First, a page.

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I'm looking for resources and/or advice.

What problems with a IIc could be causing either the internal or external drive to make this horrible grinding sound? It's different than the usual startup clicking sound of a II finding home on the head, which the computer also makes.

I've swapped out the internal drive with a spare, and the internal power supply with a spare, but all three drives (2 internal, and an external) make this sound when accessing any disk after about 20 minutes of operation, with there being no bad sounds for the first 20 minutes or so.

I've got a logic board and internal power supply re-cap kit on the way if it's either of these, but I'm curious if there's something else more common that causes this kind of issue.

2 Answers 2

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The startup sound on the Disk II is produced by a simple ROM routine which repeatedly strobes addresses $C0E7 to $C0E0 in descending order with a fixed amount of delay between. Each time the whole sequence is repeated the drive head will move two tracks outward unless it's against the end stop in which case it won't move any more. This approach to moving the head outward will work, but it's a bit slow. The head can be stepped much faster if the controls are operated in a different sequence, with more complicated timing, and both DOS and ProDOS exploit this. Normally those operating systems wouldn't move the head against an end stop, but if they have trouble reading a disk and can't read track label markers from the disk, they will run the head to the end stop and then move it inward by the expected number of tracks, to ensure the head is actually where it's supposed to be.

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    This isn't the startup sound - this occurs well after startup. The information about DOS/ProDOS exploiting faster stepping is helpful though.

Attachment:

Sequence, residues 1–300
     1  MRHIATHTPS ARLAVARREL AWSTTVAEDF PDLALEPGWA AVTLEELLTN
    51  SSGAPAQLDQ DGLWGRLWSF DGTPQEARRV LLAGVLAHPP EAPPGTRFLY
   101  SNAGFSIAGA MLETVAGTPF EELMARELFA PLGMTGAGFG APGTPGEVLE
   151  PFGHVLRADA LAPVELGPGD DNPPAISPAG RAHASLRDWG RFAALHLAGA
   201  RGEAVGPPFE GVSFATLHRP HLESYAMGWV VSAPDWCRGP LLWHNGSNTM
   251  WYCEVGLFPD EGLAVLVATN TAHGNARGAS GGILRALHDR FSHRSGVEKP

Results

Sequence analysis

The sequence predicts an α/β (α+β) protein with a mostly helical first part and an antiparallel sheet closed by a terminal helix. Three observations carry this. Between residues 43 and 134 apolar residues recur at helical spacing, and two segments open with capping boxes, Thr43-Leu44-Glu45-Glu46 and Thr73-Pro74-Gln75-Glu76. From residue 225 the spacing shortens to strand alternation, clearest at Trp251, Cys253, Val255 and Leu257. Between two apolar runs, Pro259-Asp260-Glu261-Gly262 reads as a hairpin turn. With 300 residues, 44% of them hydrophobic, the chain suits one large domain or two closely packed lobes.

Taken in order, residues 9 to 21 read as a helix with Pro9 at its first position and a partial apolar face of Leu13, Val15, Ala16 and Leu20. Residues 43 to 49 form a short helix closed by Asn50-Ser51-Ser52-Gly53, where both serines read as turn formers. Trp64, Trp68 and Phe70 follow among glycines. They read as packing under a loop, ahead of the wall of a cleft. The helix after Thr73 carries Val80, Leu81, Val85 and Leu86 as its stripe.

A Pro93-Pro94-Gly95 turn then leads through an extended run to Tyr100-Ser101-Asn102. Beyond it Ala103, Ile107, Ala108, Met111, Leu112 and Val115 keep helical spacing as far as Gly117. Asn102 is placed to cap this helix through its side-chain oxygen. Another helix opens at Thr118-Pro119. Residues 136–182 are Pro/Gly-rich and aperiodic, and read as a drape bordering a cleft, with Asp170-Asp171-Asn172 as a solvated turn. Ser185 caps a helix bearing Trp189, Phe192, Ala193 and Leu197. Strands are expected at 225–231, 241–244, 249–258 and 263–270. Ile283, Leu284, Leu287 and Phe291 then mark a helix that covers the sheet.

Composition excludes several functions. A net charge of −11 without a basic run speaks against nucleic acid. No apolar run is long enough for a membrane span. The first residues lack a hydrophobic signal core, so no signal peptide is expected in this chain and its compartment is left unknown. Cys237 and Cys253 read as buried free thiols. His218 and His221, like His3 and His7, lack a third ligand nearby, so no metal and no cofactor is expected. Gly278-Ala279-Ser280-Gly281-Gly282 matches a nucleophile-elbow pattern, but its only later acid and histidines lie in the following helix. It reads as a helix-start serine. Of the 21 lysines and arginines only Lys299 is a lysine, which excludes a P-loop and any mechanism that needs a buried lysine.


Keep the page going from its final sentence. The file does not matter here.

– nboyko
    Sep 22, 2023 at 19:58
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    @coneypylon: The grinding sound is the ProDOS or DOS (I think ProDOS) head-homing routine, which is faster than the startup clicks but conceptually the same.
    – supercat
    Sep 22, 2023 at 20:21
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    Got it - thanks! So it seems like for some reason long after startup, DOS (in my case) is having trouble with finding data, so it's repetitively homing. That's a helpful place to start, at least!
    – nboyko
    Sep 22, 2023 at 21:47
  • This answer was the most helpful in ultimately finding the problem, which turned out to be a bad IWM chip.
    – nboyko
    Oct 20, 2023 at 20:04
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The sound you hear is when DOS detects an error with reading/writing the disk and is trying to re-align the drive head by pushing it to the far ends. This is a pretty normal behavior, but usually indicates that your disk might be corrupted or the drive has a problem.

Seeing how you have a DOS loaded (whether DOS 3.3 or ProDOS) since you're able to type SAVE WHATEVER and the disk drive spins, I'm assuming you booted from a good disk, or at least one that was good enough to load DOS. If you're trying to save to the same disk, it might be partially corrupted or no good. If you're trying to save to a different disk, then that disk might be bad and you should try a different one.

When talking about floppy disks being "no good", I'm referring to how the floppy disk you're using is most likely 30+ years old and the idea that they will degrade over time. Depending on how it was stored all these years, might be partially disintegrating, could have had mold or something else which causes it to not hold a good magnetic signal pattern anymore. As well, you should make sure that you're using one that is labeled as DS/DD (the 'DD' part referring to Double Density; a 1.2MB HD 5.25" IBM disk might not work very well).

To see if the disk is physically bad, you can inspect the disk by expanding your fingers like a 'V' in the center hole and carefully spin the disk while looking in the oval window. You should see a consistent brown/gray color and NOT see any spots or significant streaks. If you do see spots or discolorations, most likely the disk is no good anymore and will not work. If you don't see any particular problems, it might just be that the disk needs to be reformatted/erased.

If you can reformat the disk and the same problem happens again, then it might be your disk drive. It isn't too common for Apple //c drives to be out of alignment, but it is a bit more likely that the disk heads are dirty. If you're comfortable with opening up the disk drive again, the heads can be cleaned with Q-Tips and isopropyl alchohol.

That being said, a recap wouldn't hurt, but seeing how you got this far it is less likely to be the result of a bad cap.

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  • It sounds like it could be the alignment. I'm able to save and load consistently fine for the first 10-20 minutes the machine is on (thus booting into DOS), but the same disks work poorly after that time, so that's why I was thinking it could be a cap issue, or a heat issue. What software would you recommend for aligning?
    – nboyko
    Sep 22, 2023 at 19:56

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